PhD'18 (ancient history) University of Chicago
Social and cultural history of Greece and the Roman Empire; urban development and reuse of sacred space; archaeology of religion; interplay of identity, memory, and landscapes in premodern societies; impacts of empire on local identity formation
How to Move a God: Shifting Religion and Imperial Identities in Roman Athens
Joshua R. Vera holds a PhD in ancient Mediterranean history, specializing in the religions, cultures, and societies of the Roman Empire. He earned his AB cum laude in history and classical civilizations from the University of California, Berkeley (2010), a postbaccalaureate certificate with distinction in classical languages from the University of California, Los Angeles (2011), and the AM in history at the University of Chicago (2012). Joshua has studied at the American School of Classical Studies at Athens (2009, 2016–17) and the American Academy in Rome (2012) and also worked on the Porta Stabia excavations of the Pompeii Archaeological Research Project (2012). He received a Fulbright Fellowship for research in Greece in 2016–17.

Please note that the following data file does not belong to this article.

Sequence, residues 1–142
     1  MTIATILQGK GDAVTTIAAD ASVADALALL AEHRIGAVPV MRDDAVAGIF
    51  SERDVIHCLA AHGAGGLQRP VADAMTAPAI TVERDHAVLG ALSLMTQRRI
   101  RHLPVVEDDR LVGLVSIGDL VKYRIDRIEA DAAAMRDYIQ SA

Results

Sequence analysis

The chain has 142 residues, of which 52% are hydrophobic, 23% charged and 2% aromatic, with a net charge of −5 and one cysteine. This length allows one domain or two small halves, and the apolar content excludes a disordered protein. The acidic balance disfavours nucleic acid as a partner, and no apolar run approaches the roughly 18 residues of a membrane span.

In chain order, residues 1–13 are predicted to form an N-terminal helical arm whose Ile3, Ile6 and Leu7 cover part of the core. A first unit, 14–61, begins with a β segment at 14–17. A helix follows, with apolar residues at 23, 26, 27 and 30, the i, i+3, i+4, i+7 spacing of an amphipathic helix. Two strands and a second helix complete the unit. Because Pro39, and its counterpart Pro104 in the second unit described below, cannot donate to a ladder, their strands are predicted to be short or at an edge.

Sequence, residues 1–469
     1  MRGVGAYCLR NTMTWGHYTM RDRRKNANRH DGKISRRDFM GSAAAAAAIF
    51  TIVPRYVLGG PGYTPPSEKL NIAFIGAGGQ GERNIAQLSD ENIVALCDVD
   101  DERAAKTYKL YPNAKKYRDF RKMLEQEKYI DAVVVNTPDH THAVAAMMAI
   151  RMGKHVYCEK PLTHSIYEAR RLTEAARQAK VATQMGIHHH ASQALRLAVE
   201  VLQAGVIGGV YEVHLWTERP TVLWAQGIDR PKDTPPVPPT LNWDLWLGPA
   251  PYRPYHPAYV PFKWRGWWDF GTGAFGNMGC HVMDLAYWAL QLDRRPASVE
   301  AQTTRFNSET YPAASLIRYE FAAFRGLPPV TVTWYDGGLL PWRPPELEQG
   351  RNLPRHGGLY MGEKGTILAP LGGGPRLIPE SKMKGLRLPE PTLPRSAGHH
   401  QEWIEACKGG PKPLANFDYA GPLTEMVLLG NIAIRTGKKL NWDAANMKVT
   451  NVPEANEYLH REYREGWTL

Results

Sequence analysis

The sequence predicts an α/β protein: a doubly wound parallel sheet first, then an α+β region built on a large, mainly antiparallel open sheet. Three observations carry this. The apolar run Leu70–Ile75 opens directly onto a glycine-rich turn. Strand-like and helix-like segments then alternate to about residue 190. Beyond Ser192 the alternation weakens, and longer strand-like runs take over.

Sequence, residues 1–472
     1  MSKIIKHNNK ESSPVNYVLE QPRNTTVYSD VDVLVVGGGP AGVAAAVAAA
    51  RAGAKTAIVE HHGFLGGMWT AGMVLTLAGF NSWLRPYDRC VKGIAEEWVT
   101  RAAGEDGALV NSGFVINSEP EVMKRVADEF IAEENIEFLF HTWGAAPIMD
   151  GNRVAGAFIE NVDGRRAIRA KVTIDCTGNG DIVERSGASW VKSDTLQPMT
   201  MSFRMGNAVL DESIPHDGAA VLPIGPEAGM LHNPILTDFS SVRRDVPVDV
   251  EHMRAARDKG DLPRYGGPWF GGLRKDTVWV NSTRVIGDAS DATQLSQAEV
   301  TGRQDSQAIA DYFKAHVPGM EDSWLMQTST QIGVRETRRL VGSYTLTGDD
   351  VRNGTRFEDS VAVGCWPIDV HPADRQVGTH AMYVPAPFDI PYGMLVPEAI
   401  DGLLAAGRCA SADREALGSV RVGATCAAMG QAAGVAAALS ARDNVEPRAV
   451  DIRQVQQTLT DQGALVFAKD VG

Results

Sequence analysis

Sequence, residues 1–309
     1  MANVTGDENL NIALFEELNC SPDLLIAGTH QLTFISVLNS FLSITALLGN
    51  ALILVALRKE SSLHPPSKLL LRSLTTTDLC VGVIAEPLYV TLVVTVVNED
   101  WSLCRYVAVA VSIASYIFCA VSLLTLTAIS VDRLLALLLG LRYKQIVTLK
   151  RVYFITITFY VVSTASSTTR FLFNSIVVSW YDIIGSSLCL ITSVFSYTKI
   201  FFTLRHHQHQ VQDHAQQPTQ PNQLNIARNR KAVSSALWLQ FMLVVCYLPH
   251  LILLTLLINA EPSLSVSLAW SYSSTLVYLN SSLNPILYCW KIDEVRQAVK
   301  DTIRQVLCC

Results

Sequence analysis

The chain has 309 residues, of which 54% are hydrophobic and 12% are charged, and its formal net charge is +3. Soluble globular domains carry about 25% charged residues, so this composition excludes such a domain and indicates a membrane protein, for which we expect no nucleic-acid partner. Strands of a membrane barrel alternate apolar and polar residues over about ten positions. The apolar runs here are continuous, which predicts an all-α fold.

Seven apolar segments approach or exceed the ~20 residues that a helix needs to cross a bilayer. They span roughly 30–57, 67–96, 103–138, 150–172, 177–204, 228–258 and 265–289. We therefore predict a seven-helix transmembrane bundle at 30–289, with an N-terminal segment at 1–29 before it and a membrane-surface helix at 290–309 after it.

His dissertation addresses questions of identity, memory, and landscape among Greek subjects of the Roman Empire. It is a primary case study that analyzes the impact of an unprecedented and unusual series of construction projects that transformed the traditional sacred landscape of the city of Athens between 86 BC and 140 AD. Through a close examination of the archaeological record, juxtaposed with the inscriptions and limited literary evidence, the project presents an integrative history of the city center with a particular focus on the built environment of the marketplaces. Joshua identified how the rearrangement of certain monuments would have forced Athenians to interact with the monuments in new ways and affected their lived religion and identity. These public spaces facilitated—and, as the dissertation argues, manifested—the Athenians’ most significant cultural, religious, and ideological developments, before and after the city was absorbed into the Roman world. This research will inform both our understanding of life in Greece during and after the advent of Rome and larger discussions of the relationship between place, religion, and identity across political regimes in the ancient world and beyond.
As part of the University of Chicago's Core curriculum, Joshua has taught the civilizations of ancient Greece and Rome and served as a writing intern for two courses in world literature.